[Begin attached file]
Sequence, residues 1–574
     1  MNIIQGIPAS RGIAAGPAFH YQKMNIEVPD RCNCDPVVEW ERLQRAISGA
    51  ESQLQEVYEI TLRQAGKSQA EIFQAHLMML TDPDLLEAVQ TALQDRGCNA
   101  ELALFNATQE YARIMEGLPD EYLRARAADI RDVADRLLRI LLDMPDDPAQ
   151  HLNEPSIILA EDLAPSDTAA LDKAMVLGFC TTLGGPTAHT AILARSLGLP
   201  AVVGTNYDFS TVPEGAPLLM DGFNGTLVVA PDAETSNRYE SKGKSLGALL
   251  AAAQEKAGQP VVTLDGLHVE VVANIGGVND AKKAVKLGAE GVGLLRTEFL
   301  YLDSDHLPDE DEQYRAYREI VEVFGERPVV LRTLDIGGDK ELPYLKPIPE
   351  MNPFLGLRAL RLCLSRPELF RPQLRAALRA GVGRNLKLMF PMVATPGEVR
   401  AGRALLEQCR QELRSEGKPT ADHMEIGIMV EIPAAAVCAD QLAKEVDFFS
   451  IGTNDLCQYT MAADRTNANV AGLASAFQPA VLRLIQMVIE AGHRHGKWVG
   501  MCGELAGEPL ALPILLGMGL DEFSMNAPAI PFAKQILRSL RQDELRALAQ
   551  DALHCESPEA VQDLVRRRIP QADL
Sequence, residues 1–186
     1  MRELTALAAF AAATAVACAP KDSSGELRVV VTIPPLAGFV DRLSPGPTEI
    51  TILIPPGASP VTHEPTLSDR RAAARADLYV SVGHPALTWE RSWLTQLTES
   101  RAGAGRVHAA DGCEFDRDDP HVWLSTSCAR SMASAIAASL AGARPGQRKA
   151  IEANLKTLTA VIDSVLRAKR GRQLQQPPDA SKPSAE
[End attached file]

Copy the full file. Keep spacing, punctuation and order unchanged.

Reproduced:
Sequence, residues 1–574
     1  MNIIQGIPAS RGIAAGPAFH YQKMNIEVPD RCNCDPVVEW ERLQRAISGA
    51  ESQLQEVYEI TLRQAGKSQA EIFQAHLMML TDPDLLEAVQ TALQDRGCNA
   101  ELALFNATQE YARIMEGLPD EYLRARAADI RDVADRLLRI LLDMPDDPAQ
   151  HLNEPSIILA EDLAPSDTAA LDKAMVLGFC TTLGGPTAHT AILARSLGLP
   201  AVVGTNYDFS TVPEGAPLLM DGFNGTLVVA PDAETSNRYE SKGKSLGALL
   251  AAAQEKAGQP VVTLDGLHVE VVANIGGVND AKKAVKLGAE GVGLLRTEFL
   301  YLDSDHLPDE DEQYRAYREI VEVFGERPVV LRTLDIGGDK ELPYLKPIPE
   351  MNPFLGLRAL RLCLSRPELF RPQLRAALRA GVGRNLKLMF PMVATPGEVR
   401  AGRALLEQCR QELRSEGKPT ADHMEIGIMV EIPAAAVCAD QLAKEVDFFS
   451  IGTNDLCQYT MAADRTNANV AGLASAFQPA VLRLIQMVIE AGHRHGKWVG
   501  MCGELAGEPL ALPILLGMGL DEFSMNAPAI PFAKQILRSL RQDELRALAQ
   551  DALHCESPEA VQDLVRRRIP QADL
Sequence, residues 1–186
     1  MRELTALAAF AAATAVACAP KDSSGELRVV VTIPPLAGFV DRLSPGPTEI
    51  TILIPPGASP VTHEPTLSDR RAAARADLYV SVGHPALTWE RSWLTQLTES
   101  RAGAGRVHAA DGCEFDRDDP HVWLSTSCAR SMASAIAASL AGARPGQRKA
   151  IEANLKTLTA VIDSVLRAKR GRQLQQPPDA SKPSAE